Ten years ago, toll violations were an insignificant expense for fleets. Today, it is the second fastest growing cost for fleets. The proliferation of automated tollbooths has dramatically increased the volume of toll violations. Last year, more than 40 percent of all fleet violations were toll violations. As more automated toll systems are introduced nationwide, the volume of violations promises to increase. Typical reasons for toll violations are expired credit cards, dead transponder batteries, not transferring the transponder to a replacement vehicle, or failure to report the replacement vehicle’s license plate number to the toll authority. These simple mistakes can be costly. For instance, if an employee drives through five tollbooths on the way to work and the same five back home, during the course of a month that driver has incurred a minimum of 200 toll violations without knowing it. It is not uncommon for drivers to accumulate hundreds of dollars worth of toll violations and penalties.
The 80/20 Rule Applies
Many fleets do not have a written fleet policy specific to driver reimbursement of parking ticket and toll violations. “As jurisdictions become more aggressive in collection of unpaid fines, more fleet managers will be forced to deal with this issue because the dollar cost for these violations will creep up to where it will catch senior management’s attention,” said Delaney. Some fleets deduct parking and toll violations from a salesperson’s expense report, said Delaney. Other fleets require drivers to write a personal check reimbursing the company. Besides recouping lost revenue, a side benefit to reimbursement of violations is a decrease in the number of future tickets. “Fleet managers who adopt a driver reimbursement policy for violations report a significant decrease in the volume of violations. Drivers who know they will be held financially accountable tend to be more careful or pay a ticket before it becomes delinquent,” said Nickerson.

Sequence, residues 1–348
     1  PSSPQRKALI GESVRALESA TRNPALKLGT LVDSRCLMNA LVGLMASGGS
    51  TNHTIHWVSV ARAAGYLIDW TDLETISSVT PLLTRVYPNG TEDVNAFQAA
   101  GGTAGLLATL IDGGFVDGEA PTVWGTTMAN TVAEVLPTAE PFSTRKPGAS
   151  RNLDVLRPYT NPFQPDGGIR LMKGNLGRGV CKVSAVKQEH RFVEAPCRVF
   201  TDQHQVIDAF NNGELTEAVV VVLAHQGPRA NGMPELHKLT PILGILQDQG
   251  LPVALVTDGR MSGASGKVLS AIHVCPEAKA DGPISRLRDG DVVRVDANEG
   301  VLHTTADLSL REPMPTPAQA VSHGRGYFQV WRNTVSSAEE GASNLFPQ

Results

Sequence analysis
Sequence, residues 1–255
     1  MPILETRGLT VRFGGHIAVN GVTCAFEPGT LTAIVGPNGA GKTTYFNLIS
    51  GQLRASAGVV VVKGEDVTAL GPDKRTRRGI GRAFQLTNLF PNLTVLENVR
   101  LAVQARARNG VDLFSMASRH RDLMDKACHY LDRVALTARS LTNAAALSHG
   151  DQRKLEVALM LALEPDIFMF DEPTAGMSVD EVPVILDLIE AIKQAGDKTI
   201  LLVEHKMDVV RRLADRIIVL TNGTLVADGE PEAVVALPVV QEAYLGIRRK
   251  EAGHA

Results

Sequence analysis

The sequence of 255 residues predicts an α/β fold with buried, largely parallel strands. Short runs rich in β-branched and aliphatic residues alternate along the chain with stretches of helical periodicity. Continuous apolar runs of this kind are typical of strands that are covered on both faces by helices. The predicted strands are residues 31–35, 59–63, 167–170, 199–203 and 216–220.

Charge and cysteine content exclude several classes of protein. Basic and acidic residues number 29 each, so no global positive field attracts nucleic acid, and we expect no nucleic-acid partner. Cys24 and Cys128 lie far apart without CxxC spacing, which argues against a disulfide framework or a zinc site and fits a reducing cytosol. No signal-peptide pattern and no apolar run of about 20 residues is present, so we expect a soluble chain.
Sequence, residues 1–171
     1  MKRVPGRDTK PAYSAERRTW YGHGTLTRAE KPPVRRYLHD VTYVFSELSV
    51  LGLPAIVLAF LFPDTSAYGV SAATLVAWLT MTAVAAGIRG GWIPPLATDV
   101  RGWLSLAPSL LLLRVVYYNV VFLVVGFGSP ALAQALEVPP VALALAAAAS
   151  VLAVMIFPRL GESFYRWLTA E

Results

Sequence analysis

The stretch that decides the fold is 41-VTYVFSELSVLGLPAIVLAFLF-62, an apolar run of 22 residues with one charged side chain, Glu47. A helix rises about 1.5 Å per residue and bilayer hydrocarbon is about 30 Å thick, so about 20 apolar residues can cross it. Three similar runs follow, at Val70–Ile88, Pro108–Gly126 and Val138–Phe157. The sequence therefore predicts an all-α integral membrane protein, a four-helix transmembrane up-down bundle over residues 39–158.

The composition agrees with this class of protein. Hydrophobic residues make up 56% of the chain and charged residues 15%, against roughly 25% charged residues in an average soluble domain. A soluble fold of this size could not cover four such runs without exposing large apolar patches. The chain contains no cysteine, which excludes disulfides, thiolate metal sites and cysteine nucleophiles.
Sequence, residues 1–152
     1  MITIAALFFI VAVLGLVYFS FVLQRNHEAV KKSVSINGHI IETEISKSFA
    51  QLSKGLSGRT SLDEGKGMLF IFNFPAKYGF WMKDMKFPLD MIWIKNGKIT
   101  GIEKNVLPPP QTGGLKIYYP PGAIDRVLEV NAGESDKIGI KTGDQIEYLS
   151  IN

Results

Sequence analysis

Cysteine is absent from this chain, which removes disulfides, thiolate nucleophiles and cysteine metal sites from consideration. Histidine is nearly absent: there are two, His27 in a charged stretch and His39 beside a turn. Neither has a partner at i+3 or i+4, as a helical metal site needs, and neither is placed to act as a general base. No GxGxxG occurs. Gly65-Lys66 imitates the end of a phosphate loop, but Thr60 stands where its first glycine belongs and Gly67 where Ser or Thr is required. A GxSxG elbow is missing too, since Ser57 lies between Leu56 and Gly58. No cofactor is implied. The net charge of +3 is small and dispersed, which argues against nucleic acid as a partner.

When identifying violators, invariably the 80/20 rule applies. “In some cases it is even higher,” said Chengary. “For some fleets, as much as 85 percent of the violations are incurred by 15 percent of the drivers.” Many of these are the top salespeople, whose violations are ignored, creating an inequality in policy enforcement. Are they any different than the driver who blows an engine because he or she never changed the oil? Why should one be treated differently than the other? The answer is they shouldn’t. Let me know what you think. email@example.com